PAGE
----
WITH clamorous cavortings, Mr. Benjamin De Casseres bursts once again into a display of orgiastic literary criticism. First giving Mr. Mencken a substantial boost into Olympus, he then proceeds to disclose the very thinly covered bones of Mr. George Bernard Shaw with a withering clarity and veracity that is closely skin to genius. Blaring forth his ideas in a prose that is the essence of strength and polish, he never leaves the reader a moment to catch his breath, but rushes him along through a host of coruscating criticism that is as trenchant as it is illogical. But then logic is a useless baggage to an emotional epitomizer.
Mr. De Casseres characterizes himself as a critic of, "intuitional tastes . . who does not analyze or weigh, but apotheosizes or slays". It is just such treatment he gives Mr. Mencken. He speaks of him as one who, "has everywhere an implied, if not explicit, contempt for those who use any dodge to escape reality. There is something tremendously courageous, almost sadistically so, in this attitude. It is probable, with him, that reality itself is an escape from something he fears more--sentiment, romance, mysticism... "Mencken never describes anything, he tears it to pieces and throws it in your face... His aesthetic is Good Workmanship. His Muse is Technique."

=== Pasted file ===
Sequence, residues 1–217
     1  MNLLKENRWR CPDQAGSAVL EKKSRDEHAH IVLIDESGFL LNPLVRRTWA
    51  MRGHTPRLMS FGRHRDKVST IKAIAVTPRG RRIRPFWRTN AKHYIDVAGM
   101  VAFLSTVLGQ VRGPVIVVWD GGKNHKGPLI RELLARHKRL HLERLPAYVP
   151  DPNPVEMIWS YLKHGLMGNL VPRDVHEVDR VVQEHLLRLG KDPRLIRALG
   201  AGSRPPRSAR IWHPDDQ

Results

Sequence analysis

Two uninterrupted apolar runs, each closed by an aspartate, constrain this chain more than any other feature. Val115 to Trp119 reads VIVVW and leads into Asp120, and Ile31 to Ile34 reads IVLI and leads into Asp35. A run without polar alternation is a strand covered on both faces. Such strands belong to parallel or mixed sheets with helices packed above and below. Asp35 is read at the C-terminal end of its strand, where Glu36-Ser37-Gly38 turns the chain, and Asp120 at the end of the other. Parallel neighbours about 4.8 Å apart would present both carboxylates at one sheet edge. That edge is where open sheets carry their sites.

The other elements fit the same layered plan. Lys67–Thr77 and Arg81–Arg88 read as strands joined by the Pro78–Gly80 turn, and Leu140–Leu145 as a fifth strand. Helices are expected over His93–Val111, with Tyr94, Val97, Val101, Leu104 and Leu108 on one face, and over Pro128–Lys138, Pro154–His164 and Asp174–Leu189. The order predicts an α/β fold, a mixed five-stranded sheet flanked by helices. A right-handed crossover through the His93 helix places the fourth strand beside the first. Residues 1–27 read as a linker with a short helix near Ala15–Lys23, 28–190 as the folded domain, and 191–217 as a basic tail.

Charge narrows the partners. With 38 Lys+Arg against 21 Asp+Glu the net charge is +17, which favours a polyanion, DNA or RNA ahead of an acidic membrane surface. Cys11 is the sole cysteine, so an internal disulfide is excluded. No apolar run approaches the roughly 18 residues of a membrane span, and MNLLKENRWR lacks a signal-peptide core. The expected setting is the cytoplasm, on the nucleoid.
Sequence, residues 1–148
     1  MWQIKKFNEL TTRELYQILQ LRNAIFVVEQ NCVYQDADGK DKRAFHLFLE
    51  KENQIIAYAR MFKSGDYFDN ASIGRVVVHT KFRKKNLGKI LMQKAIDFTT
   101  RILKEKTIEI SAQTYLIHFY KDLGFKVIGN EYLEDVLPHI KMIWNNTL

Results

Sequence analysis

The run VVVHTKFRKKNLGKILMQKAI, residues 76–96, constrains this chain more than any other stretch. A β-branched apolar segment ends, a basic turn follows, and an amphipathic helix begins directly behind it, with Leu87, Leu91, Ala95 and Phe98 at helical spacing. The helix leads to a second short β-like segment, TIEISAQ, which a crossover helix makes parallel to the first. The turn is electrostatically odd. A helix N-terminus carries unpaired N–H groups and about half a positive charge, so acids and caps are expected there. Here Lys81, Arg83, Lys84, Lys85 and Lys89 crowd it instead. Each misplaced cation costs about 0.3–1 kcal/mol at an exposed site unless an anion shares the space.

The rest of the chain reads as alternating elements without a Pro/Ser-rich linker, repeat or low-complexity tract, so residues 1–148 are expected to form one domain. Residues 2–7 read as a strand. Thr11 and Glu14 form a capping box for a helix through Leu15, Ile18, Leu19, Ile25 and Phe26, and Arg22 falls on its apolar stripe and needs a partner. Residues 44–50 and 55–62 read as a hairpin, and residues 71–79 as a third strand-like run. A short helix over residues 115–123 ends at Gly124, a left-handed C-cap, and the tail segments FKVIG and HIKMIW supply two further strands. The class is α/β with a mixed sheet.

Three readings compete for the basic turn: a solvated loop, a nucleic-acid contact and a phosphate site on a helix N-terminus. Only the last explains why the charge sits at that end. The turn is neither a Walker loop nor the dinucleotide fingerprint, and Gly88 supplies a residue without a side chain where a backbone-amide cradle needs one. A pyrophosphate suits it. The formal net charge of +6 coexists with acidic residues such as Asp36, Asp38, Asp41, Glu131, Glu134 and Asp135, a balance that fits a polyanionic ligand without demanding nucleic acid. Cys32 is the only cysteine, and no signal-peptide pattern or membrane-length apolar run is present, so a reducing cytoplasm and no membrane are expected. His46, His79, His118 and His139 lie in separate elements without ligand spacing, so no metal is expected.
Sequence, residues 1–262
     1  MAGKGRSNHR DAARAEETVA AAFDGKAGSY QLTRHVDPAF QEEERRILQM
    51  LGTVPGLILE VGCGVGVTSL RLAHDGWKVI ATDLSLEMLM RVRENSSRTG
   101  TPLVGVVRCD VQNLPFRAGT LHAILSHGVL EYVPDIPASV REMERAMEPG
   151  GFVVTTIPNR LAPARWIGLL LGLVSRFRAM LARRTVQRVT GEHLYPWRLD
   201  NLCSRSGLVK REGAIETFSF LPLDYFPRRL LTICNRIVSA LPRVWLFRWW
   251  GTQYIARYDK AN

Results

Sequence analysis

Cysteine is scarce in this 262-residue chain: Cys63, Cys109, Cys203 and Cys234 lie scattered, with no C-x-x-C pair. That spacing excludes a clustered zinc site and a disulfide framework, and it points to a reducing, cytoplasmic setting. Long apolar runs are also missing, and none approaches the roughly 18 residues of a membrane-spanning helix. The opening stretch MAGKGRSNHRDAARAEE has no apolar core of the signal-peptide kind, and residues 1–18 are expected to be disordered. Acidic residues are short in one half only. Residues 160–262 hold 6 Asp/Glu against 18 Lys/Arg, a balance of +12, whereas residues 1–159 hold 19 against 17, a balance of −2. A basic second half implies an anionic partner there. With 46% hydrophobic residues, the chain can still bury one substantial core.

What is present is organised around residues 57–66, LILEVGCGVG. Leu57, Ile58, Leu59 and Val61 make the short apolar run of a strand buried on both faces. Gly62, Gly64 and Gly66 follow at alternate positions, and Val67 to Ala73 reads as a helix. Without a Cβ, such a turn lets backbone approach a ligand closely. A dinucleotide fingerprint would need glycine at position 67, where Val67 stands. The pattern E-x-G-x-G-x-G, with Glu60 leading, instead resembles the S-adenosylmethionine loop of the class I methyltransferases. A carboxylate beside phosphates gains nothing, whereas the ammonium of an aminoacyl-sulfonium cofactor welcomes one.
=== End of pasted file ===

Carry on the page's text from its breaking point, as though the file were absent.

In spite of an admitted lack of emotional insight, Mr. De Casseres would consider Mencken the greatest stimulator of his age. He says, "Huneker and Mencken did more than any other two men of the century to thin the ranks of the literary stud-horses of Vassar and the fillies of Harvard." Mr. De Casseres forgets that at times he himself is nothing more than a just-mad gelding going through the motions of an aphrodisiacal stallion. But that is the privilege of one whose prose and thought, to twist his own words, "is a boreal rhetoric, a hissing, headlong ecstasy, the passion that coils in verbs and nouns and suddenly leaps forth in an orgasm of adjectives and epithets."
As for his inconsistencies, they would drive a section man to the farthest reaches of insanity; they are so brilliant. One moment sexual love is the epitome of human force, the next it is a sex-stie. The silver stallion is continually fading into the mangy old grey mare, but his ideas as he gallops along are struck off like sparks from a flint.
And when he rolls up his sleeves to polish off Mr. Shaw, the famous Irish wit is made to look like a second rate effusion of Mr. Colley Cibber. Shaw, "has the brain of a juvenile Machiavelli superposed on a crybaby, philistine, middle-class soul... His brain is a half-inch layer of champagne poured over a bucket of Methodist near-beer." All Mr. De Casseres sees in Shaw is the mountebank who jigs for money, the Barnum of the drama, and nothing else. After reading this book the Shabian bubble is pierced.
Mr. De Casseres is a mixture of La Rochefoucauld, Voltaire, and possible Spinoza. His criticism is not sound in the sense that it builds up a carefully constructed argument, but he pierces every situation with a shaft of illuminating light that is more revealing than any quanity of common sense. He goes at the reason through the emotions and he arrives with an awakening crash. It may be froth, it may be genius; Mr. De Casseres himself probably does not know.